Through some inspiration I decided to make Classes for this role playing system. There was one intention involved when spawning the ideas for the classes that will be listed below. An intention to create a system that is not streamlined. An attempt to bring back a naivety to role playing mechanics where everything does not have to be logical and made up of templates that fit all classes.
Each class uses a different method for resolving the success of combat and their specific class abilities. There are only three classes outlined this far: Thief, Mage and Fighter.
The Thief uses 6d6 in order to determine the outcome of combat. The thief can roll all of the six dices once and the result of the six dice will have an effect as is outlined in the table here below.
|Normal hit||One Pair||1 Endurance reduction|
|Wounding hit||Two Pair||2 Endurance reduction|
|Bleeding hit||Three of a kind||3 Endurance reduction|
|Critical hit||Four of a kind||4 Endurance reduction|
|Severing hit||Five of a kind||5 Endurance reduction|
|Leathal hit||Six of a kind||6 Endurance Reduction|
The Thief also has class abilities that are outlined below.
|Thieving||Four in a row||Stealing and unlocking locks are successful|
|Lay/disarm trap||Five in a row||Arming and disarming traps are successful|
|Sneaking||Six in a row||You move unseen|
|Subdue||Full house||You make people act and talk to your will by influencing them.|
The Mage use poetry in order to cast magic. The power of his magic is depending on three types of rhymes and how many lines he use to cast a spell. The three rhyme types are: Alliteration, End Rhyme and Internal Rhyme.
Alliteration is when two sequential words in the same line starts with the same syllable. End rhyme is when the last word in two lines sound the same. Internal rhyme is when a word in the middle of a line rhymes with the last word in the same line.
The Mage can make up to four lines in total per spell with a minimum of one line.
At least one line of poetry needs to mention the target directly, synonymously or as a metaphor. If the target is a door the following are accepted: Door (directly), Gate (synonymously), the sealed opening (metaphorically).
The next table will show what the effect is, depending on the rhyme type and how many lines.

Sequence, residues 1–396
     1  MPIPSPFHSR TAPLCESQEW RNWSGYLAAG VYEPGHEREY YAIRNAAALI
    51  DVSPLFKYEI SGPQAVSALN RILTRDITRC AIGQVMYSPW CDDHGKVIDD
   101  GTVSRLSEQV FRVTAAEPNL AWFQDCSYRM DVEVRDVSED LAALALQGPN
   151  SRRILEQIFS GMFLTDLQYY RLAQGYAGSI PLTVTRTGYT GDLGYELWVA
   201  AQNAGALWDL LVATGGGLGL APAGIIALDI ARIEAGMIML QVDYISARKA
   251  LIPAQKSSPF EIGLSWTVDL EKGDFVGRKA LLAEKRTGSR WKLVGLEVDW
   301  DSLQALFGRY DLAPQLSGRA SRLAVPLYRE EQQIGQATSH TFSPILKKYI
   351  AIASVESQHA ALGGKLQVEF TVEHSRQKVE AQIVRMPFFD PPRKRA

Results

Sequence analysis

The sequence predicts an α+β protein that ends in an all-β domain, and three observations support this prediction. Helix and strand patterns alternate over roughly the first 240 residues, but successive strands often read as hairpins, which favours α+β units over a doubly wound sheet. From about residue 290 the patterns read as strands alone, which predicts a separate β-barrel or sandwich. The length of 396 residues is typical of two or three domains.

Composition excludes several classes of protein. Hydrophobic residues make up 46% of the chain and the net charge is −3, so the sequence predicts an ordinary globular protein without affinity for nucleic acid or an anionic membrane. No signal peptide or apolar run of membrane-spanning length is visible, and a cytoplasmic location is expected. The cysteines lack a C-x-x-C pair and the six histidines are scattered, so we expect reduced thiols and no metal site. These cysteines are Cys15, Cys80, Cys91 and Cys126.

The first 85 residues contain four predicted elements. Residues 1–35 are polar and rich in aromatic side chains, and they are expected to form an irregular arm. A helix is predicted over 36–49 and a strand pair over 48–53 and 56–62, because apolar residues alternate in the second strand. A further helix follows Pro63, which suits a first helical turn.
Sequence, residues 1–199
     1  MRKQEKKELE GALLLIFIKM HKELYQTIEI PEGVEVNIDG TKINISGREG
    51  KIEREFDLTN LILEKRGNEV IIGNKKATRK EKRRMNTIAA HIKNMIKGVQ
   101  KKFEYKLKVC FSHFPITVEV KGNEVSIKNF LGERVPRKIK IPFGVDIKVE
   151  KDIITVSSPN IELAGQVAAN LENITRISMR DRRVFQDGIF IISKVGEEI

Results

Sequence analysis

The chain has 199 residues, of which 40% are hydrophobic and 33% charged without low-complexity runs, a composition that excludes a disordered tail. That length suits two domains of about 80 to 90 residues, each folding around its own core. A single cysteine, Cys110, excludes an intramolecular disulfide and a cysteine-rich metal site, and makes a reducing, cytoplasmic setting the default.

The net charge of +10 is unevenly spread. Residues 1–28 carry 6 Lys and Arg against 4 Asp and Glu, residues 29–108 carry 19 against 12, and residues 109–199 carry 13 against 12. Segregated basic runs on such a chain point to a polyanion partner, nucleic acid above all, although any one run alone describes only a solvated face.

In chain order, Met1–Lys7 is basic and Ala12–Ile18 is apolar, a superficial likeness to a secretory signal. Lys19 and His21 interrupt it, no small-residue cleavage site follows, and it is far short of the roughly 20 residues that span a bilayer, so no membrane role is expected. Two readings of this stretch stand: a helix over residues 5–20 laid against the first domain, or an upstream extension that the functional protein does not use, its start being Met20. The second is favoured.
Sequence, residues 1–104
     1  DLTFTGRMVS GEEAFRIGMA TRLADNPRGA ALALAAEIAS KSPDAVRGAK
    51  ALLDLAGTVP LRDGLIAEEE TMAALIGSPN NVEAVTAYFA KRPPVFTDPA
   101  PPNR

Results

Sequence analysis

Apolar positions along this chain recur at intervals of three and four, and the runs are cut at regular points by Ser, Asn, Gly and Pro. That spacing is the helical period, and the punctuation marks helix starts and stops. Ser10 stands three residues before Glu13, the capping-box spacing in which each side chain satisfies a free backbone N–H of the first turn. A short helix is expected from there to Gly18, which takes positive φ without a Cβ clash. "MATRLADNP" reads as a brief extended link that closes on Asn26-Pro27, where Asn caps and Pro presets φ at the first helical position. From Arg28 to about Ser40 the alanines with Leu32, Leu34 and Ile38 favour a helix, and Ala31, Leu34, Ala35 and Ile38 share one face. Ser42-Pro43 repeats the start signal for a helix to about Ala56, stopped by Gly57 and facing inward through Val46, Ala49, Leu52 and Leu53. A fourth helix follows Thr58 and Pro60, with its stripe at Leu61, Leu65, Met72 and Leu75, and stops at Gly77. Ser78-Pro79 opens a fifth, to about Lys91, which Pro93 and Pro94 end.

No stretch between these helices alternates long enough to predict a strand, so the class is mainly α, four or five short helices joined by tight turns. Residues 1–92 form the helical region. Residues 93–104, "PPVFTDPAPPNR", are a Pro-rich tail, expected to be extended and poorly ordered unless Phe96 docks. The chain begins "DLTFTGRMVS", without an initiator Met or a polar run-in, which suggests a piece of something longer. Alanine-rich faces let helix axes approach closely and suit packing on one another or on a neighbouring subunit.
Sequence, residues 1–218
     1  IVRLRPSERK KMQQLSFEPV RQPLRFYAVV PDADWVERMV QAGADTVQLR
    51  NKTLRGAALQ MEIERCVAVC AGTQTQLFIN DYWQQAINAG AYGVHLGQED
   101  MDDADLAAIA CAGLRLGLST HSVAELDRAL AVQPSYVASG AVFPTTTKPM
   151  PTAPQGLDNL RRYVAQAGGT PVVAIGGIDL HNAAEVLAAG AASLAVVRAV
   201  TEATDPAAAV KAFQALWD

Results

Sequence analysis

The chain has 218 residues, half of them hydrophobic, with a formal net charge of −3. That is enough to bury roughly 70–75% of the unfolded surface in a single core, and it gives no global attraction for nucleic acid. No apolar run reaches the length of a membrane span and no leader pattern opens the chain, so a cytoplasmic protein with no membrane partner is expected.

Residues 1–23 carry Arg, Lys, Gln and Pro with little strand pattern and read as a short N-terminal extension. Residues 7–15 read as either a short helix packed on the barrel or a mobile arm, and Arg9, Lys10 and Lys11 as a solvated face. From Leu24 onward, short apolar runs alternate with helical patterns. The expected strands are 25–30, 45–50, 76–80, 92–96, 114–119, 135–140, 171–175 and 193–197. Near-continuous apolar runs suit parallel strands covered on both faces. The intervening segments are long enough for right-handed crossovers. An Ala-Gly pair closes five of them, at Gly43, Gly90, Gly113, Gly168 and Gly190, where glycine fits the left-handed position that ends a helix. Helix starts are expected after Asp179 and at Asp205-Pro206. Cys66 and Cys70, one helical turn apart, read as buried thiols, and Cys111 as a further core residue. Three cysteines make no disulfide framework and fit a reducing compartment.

|Number of lines||Condition||Effect|
|One||Alliteration||One Endurance reduction|
|One||Internal rhyme||One Endurance reduction|
|Two||End rhyme of both lines||Two Endurance reduction|
|Three||End rhyme of all lines||Three Endurance reduction|
Here are some examples to clarify this.
|The threatening gaze of this Dire Dog||“Dire dog” is Alliteration||One Endurance reduction|
|Now merely a sight of a harmless frog||dog’ and ‘frog’ are end rhymes||Two Endurance reduction|
|Total Three Endurance reduction|
|Unlike most I am not scared of this ghost||most’ and ‘ghosts’ are Internal Rhymes||Total One Endurance reduction|
|You filthy lizard||lizard’ and ‘blizzard’ are end rhymes||Two Endurance reduction|
|I coveth you in||in’ and ‘kin’ are end rhymes||Two Endurance reduction|
|And all of your kin|
|A chilling blizzard|
|Total Four Endurance reduction|
The Fighter uses a combination of attacks up to a maximum of 9 combinations per round. An example can be that a Fighter first push, then kick and then slash with a sword. To determine the success of the combination attack the fighter has to roll 1d10 and for each subsequent attack in the combination the difficulty is raised. For the first attack he needs to roll 2 or higher, for the second attack he needs to roll 3 or higher and so on. This is also outlined here below:
|Dice||Number of combinations||Required dice result||Effect|
|1d10||1||2||One Endurance reduction|
|1d10||2||2,3||Two Endurance reduction|
|1d10||3||2,3,4||Three Endurance reduction|
|1d10||4||2,3,4,5||Four Endurance reduction|
|1d10||5||2,3,4,5,6||Five Endurance Reduction|
|1d10||6||2,3,4,5,6,7||Six Endurance Reduction|
|1d10||7||2,3,4,5,6,7,8||Seven Endurance Reduction|
|1d10||8||2,3,4,5,6,7,8,9||Eight Endurance Reduction|
|1d10||9||2,3,4,5,6,7,8,9,10||Nine Endurance Reduction|